Over the past two years, credit ratings agency Standard & Poor’s has downgraded Cyprus, France, Italy, the Netherlands, Malta and Spain. Today S&P stopped beating around the bush and simply downgraded the entire European Union. The EU lost its AAA rating, dropping to AA+. “We believe the financial profile of the EU has deteriorated, and that cohesion among EU members has lessened,” the agency said.
In reality, this is not as big of a deal as it might appear. As a borrower, bonds issued by the supranational bloc—currently worth around €56 billion ($76.5 billion), with the majority devoted to the Irish and Portuguese bailouts—pale in comparison to the size of the debts incurred by individual member states. Austria’s outstanding federal debt alone is worth nearly €180 billion, for example.
But the EU’s overall creditworthiness is, of course, underpinned by the health of its constituent parts. Thanks to recent downgrades, just under a third of the EU’s budget revenue now comes from AAA-rated countries, half the share contributed by top-rated sovereigns in 2007. A rancorous battle over the EU’s latest multi-year budget, which cut the revenue that the bloc receives from member states by 3.3% for 2014-20, is another reason why S&P cut the union’s credit rating.
The implications of S&P’s move, such as they are, will be more political than financial. EU leaders are in the midst of high-profile meetings about a purported “banking union” to backstop the region’s wobbly lenders. Despite the “historic” agreements trumpeted by leaders in recent days, the complexity of these deals to supervise, resolve and recapitalize ailing banks strikes many as so complex as to be unworkable. The biggest hitch is around a joint deposit guarantee scheme funded by all member states—until this is in place, individual governments will be responsible for bailing-out banks headquartered in their borders, even though most lenders do business across the region these days.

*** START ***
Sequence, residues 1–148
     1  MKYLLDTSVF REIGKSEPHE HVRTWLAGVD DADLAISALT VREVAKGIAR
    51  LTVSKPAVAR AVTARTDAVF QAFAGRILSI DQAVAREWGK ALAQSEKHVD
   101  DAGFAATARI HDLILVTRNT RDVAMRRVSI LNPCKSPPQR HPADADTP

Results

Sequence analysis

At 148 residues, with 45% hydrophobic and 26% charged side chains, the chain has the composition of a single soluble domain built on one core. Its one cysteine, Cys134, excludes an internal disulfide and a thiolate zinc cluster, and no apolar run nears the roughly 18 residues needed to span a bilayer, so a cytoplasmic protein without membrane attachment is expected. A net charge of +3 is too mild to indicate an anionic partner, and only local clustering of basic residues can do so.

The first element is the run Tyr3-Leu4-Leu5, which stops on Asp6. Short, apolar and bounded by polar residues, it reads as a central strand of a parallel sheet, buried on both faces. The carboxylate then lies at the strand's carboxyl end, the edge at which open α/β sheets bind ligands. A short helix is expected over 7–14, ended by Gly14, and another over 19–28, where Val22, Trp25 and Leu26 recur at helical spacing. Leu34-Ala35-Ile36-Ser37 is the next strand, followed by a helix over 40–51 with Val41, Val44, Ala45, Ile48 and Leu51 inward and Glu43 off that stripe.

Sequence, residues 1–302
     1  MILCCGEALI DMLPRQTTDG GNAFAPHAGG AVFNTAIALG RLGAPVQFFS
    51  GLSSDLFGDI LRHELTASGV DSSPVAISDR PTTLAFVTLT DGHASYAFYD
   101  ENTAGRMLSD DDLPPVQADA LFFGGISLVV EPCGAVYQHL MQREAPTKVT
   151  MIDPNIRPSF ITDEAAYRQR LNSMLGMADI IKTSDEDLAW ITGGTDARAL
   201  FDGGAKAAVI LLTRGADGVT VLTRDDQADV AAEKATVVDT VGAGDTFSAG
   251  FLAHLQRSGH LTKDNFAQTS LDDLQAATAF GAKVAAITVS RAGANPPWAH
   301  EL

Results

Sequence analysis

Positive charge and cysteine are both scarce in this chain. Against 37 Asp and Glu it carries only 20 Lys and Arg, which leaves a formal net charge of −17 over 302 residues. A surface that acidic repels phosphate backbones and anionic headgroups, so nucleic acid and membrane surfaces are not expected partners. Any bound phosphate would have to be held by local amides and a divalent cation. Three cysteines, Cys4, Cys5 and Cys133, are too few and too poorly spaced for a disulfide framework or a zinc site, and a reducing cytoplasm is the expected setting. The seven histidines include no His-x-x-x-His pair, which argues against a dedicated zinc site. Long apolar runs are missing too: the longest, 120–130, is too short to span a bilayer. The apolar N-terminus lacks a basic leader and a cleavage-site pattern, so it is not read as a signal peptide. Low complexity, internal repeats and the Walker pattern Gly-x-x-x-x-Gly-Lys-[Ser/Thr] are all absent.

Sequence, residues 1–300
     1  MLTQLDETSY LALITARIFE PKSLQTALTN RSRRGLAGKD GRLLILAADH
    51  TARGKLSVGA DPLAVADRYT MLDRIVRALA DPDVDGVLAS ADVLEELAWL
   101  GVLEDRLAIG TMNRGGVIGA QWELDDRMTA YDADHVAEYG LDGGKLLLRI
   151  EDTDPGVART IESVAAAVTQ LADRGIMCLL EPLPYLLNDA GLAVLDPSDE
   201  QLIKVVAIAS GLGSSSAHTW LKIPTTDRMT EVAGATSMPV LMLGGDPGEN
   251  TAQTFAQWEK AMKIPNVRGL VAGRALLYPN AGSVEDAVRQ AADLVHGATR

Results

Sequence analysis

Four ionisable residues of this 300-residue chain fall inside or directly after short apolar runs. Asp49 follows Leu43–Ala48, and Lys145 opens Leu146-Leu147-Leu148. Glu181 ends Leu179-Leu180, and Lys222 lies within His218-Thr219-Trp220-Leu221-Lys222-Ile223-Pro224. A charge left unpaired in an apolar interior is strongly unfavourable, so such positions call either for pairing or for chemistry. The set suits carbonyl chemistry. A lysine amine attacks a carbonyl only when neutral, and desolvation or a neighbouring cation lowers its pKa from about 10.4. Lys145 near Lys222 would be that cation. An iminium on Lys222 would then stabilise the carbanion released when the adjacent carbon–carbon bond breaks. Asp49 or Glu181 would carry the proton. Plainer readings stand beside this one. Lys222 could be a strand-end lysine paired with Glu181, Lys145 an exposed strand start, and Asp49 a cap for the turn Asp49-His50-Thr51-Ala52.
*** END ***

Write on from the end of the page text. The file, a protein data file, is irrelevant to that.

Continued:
Thus, it is quite topical for S&P to choose today to express its doubts about the “cohesion” of the EU. But instead of shaming EU leaders into cooperating more closely, the timing of the announcement will probably only serve to harden the eurocrats’ opinion of the rating agency. European leaders are infuriated by the steady stream of downgrades to government debt—however warranted—and have imposed a welter of harsh new rules on ratings agencies in retaliation. By downgrading the European project itself, S&P will find Brussels even more hostile to its opinions than before.